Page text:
This engaging and thought-provoking article was recently written by Colin Pierce, a Language arts teacher and IB Diploma Programme Coordinator at Rainier Beach High School in Seattle. It was published by PBS.org in their Teachers’ Lounge on 25 June 2015.
Asheesh Misra—the IB’s Programme Manager for the ‘Bridging the Equity Gap’ project in the US—was compelled to share the story with the IB community as part of the E2 Excellence and Equity section of the blog. The E2 blog posts form a dialogue among IB educators and school leaders around empowering under-represented students for success in life-long learning.
“I’m scared,” Will’s sister said. “I’m scared for him because I think, ‘What if he has a run-in with the police? What will that officer see and how will he react?’”
She blinked and two big tears rolled down her cheeks. She looked over at her brother, a tall, sweet-faced, linebacker of a sophomore at my school. He, too, sniffed and began swiping the tears away from his eyes. Soon it was his mother, then the stranger next to her, then nearly everyone in the room.
In a school community composed of nearly 95 percent students of color, in a neighborhood that has a higher rate of gun violence than anyone would like, this lesson was also designed as a forum to discuss the fears and anxieties stirred up by this year’s seemingly endless string of men and women of colour killed or assaulted by police, vigilantes and, more recently, racially motivated domestic terrorists.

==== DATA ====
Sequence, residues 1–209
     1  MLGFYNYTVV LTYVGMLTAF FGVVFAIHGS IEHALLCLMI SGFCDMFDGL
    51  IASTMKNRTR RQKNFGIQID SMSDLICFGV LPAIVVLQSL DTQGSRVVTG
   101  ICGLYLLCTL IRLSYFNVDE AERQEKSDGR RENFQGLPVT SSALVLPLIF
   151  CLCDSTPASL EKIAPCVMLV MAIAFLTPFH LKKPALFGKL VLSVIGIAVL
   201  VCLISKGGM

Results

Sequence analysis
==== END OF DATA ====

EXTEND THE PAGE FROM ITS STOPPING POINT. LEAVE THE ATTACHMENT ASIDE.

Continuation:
What emerged was a conversation highlighting a truth that is often lost amid the sensational headlines and commentary on what might justify the taking of a life.
This happened at one of the monthly community outreach events that my colleague Cambrie Nelson and I have been organizing for the past few years. We rotate these events through community centers and other neighborhood gathering places to bring sample lessons to parents and the broader community, with the goal of building supports that enable our largely low-income student population to engage and succeed in the challenging IB Diploma Programme.
That day featured a language arts lesson aimed at developing comparative textual analysis skills and looking at the way the cultural and historical context of authors and audiences can shape the meaning of a text. I had paired Marvin Gaye’s song “What’s Going On” with the Nikki Giovanni poem “We” and asked the participants to reflect on the messages of each, and then how those messages might have different meaning for young people today.
When I planned the lesson out the day before, I didn’t intend it to end with everyone crying in the basement of a church. And yet there we were, all of us gathered around a table on a rainy Seattle Saturday, with tears streaking our cheeks.
What is really at stake when we talk about systemic violence against people of colour is the psychological and physical survival of thoughtful, caring, young people like Will and the collateral damage of trauma inflicted on sisters, mothers, fathers and brothers. Will is loved fiercely by his family and his community, and he deserves, as all young people do, to have that love expressed more frequently as a celebration than as constant fear for his life.
I am white, raised in an affluent neighborhood in Oakland, California, and it would be insulting for me to presume I have anything to teach my students and their families about the experience of racial or economic injustice. But as a teacher in their community school, it is my obligation to create space and resources for those conversations to happen. It is my obligation to make sure the central concerns of the community I serve have a respected place in my class and curriculum.